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Expert warns of upcoming threats to democracy across the nation; Judge in Trump documents case rejects suggestions to step aside; NC businesses fear effects of 'bathroom bill'; Report says restaurants allow abuse, disease risk at MD animal farms.

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A congresswoman celebrates Biden protections for mixed status families, Louisiana's Ten Commandments law faces an inevitable legal challenge, and a senator moves to repeal the strict 19th century anti-obscenity and anti-abortion Comstock Act.

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New Report: Mainers in Rural Communities Get Biggest Bang from Medicaid

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Thursday, June 8, 2017   

AUGUSTA, Maine – A new report shows Medicaid is vital to ensure that rural Mainers and families across the nation have access to the care they need to stay healthy.

The Georgetown University Center for Children and Families finds 38 percent of children in rural Maine are on Medicaid for their health care coverage, compared with 30 percent in metro areas.

Vanessa Santarelli, CEO of the Maine Primary Care Association, says if Congress goes forward with proposed Medicaid cuts, the result could be the loss of a bundle of services health centers are currently able to provide for children.

"You know, if we didn't receive these adequate reimbursements through programs like Medicaid and Medicare, our health centers would find it very challenging to be able to keep their doors open for all of the rural communities and residents that we serve," she stresses.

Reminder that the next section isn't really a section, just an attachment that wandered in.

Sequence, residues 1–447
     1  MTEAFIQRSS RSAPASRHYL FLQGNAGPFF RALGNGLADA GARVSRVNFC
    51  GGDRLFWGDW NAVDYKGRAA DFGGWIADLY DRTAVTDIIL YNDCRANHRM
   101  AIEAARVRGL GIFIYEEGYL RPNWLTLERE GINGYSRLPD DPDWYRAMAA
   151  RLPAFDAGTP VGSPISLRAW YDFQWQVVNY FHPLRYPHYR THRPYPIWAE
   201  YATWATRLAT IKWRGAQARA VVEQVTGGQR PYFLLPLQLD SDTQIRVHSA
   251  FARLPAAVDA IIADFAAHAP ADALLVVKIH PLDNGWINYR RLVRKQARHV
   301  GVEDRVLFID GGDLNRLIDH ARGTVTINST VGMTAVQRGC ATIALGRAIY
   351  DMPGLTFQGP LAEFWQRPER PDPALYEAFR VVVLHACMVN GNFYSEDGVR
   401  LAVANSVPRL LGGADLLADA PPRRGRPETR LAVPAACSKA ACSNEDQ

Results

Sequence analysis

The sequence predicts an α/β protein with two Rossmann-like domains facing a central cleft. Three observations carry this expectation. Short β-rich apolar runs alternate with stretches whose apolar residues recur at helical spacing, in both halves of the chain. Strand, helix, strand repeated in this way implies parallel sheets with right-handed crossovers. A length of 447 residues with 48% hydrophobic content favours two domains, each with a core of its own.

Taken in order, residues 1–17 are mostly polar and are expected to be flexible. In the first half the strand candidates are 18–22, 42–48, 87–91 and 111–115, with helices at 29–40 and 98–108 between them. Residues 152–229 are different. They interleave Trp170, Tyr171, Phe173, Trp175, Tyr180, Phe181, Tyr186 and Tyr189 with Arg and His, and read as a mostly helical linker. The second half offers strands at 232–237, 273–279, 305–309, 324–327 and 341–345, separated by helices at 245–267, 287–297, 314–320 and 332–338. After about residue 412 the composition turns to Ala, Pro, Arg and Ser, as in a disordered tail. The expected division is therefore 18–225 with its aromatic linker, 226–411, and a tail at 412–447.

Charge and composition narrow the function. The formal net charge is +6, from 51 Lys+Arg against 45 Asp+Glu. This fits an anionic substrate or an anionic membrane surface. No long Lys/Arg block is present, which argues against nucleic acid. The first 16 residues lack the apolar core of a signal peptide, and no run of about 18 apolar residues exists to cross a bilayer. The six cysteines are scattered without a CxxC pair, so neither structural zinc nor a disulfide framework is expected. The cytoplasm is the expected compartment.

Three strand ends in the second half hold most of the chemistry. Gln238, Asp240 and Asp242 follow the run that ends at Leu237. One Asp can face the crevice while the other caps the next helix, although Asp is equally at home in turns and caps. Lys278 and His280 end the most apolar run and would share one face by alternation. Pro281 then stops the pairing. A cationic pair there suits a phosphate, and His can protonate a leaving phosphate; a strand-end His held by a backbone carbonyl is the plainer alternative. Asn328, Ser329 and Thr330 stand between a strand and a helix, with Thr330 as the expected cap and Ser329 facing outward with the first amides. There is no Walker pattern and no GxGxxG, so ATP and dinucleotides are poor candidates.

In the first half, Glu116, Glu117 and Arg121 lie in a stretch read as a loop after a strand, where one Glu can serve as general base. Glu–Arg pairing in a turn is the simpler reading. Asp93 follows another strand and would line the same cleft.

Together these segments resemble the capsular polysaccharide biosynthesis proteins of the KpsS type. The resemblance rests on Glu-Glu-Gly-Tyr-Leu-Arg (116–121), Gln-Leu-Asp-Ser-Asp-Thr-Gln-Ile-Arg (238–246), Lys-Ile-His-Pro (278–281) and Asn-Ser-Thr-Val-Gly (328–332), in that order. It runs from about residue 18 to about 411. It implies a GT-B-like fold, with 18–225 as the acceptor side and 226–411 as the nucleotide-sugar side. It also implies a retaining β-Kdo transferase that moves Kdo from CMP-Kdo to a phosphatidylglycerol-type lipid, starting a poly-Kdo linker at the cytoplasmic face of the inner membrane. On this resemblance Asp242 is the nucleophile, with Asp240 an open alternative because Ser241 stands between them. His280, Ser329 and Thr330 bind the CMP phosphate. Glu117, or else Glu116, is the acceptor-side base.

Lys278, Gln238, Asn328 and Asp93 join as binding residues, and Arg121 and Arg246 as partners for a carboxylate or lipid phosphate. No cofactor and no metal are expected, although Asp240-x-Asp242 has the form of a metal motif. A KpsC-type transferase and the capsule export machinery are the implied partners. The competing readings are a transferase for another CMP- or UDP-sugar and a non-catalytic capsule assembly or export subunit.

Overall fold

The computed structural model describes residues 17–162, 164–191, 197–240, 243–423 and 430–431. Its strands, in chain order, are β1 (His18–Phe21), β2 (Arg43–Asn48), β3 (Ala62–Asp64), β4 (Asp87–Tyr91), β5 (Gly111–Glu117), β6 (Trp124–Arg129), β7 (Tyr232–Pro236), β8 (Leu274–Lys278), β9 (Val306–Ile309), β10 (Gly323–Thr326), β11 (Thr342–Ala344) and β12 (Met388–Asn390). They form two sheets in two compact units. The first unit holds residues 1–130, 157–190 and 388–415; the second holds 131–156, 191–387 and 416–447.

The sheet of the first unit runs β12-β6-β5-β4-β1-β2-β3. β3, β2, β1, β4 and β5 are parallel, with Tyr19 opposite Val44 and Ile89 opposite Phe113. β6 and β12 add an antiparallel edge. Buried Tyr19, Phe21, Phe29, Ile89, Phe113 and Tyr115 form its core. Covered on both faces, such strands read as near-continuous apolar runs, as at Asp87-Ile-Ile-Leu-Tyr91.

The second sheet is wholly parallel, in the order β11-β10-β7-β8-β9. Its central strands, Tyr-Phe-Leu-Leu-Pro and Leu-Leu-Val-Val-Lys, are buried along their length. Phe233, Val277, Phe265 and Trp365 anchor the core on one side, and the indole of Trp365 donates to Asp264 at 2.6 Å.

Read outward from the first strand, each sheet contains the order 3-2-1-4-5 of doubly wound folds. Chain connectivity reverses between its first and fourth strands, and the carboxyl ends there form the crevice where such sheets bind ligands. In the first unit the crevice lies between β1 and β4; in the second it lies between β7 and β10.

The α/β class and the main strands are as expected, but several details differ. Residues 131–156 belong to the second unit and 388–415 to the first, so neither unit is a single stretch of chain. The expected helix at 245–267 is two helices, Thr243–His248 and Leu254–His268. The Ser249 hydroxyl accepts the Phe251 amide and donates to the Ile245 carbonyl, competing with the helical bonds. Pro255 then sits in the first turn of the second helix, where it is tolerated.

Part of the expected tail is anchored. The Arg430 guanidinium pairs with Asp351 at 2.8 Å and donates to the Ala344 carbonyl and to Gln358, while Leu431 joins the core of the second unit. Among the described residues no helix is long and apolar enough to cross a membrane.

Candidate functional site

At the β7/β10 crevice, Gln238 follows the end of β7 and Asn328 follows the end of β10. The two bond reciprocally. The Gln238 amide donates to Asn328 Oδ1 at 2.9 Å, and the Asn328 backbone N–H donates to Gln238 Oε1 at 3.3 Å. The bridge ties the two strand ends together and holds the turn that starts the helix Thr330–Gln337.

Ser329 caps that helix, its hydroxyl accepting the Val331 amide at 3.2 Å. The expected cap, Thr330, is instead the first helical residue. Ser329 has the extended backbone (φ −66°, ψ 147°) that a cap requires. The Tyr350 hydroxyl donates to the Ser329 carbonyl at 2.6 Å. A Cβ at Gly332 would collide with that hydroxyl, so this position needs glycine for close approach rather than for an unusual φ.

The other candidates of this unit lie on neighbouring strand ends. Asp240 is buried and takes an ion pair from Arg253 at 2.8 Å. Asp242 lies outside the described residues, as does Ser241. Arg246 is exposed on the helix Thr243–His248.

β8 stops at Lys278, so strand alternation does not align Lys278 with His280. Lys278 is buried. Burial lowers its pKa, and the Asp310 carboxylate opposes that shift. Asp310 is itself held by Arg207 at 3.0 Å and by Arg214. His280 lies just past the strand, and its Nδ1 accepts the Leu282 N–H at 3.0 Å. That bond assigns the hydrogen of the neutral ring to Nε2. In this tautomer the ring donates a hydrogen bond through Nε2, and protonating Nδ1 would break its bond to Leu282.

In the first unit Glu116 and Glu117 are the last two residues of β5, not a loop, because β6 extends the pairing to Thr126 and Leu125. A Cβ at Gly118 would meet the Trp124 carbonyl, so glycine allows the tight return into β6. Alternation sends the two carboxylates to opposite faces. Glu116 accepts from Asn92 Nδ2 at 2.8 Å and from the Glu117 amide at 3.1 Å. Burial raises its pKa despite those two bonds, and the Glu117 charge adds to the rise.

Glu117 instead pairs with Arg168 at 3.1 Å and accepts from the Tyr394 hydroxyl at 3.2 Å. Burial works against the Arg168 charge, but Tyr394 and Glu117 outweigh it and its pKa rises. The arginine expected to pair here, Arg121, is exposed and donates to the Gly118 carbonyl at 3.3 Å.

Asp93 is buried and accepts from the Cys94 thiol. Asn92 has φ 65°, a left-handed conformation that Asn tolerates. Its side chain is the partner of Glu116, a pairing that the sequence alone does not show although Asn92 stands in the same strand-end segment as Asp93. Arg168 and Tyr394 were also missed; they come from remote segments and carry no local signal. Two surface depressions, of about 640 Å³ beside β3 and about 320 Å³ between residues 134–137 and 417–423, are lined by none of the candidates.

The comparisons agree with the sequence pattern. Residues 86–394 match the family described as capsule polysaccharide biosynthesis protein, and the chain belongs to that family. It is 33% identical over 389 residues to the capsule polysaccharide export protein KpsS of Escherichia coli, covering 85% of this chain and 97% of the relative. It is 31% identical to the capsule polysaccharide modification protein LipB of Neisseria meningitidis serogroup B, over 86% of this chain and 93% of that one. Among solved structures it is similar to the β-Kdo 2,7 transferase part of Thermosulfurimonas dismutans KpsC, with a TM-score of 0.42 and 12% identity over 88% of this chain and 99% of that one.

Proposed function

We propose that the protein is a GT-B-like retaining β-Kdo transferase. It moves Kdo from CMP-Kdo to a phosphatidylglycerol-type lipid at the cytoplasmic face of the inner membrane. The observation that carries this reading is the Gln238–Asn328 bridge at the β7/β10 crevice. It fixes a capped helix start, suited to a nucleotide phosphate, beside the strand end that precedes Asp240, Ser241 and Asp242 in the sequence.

Santarelli notes that Maine was not among the states that opted to expand Medicaid coverage under the Affordable Care Act. She says that is likely a major factor in why the state saw the number of uninsured children in the report rise from 6 percent in 2009 to 7 percent uninsured in 2015.

Joan Alker, executive director of the Georgetown University Center for Children and Families, says this means more than a trillion dollars in proposed cuts to Medicaid would have an outsized impact on people who live in rural communities.

"Children and families living in small towns and rural areas risk losing access to health care and their protection from rising health care costs as Medicaid funding is cut, as congressional leaders are currently thinking about," she states.

One bright spot in the report is that 19 percent of adults in Maine have Medicaid coverage compared with 13 percent in metro counties. Santarelli says that should pay off for rural children down the road.

"When parents have coverage, and when they are able to see a primary care provider, there's a stronger likelihood that their children will also have regular visits, and well checkups, and that sort of thing," she explains.

Interactive maps with county level information can be found on the Georgetown Center's website.







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